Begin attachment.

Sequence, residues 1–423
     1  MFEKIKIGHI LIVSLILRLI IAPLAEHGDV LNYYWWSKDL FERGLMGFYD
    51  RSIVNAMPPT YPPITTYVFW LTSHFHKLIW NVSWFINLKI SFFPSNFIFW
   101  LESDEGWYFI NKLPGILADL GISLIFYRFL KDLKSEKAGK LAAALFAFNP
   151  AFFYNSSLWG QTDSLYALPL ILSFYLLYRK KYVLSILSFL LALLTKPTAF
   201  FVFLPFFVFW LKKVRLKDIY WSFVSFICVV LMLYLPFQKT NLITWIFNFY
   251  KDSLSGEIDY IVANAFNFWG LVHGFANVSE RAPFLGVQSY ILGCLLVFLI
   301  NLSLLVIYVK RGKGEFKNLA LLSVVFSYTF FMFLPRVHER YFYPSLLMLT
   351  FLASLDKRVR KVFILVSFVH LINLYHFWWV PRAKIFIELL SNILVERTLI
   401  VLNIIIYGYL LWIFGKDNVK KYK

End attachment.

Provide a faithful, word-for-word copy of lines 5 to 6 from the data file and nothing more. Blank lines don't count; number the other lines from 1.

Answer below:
   151  AFFYNSSLWG QTDSLYALPL ILSFYLLYRK KYVLSILSFL LALLTKPTAF
   201  FVFLPFFVFW LKKVRLKDIY WSFVSFICVV LMLYLPFQKT NLITWIFNFY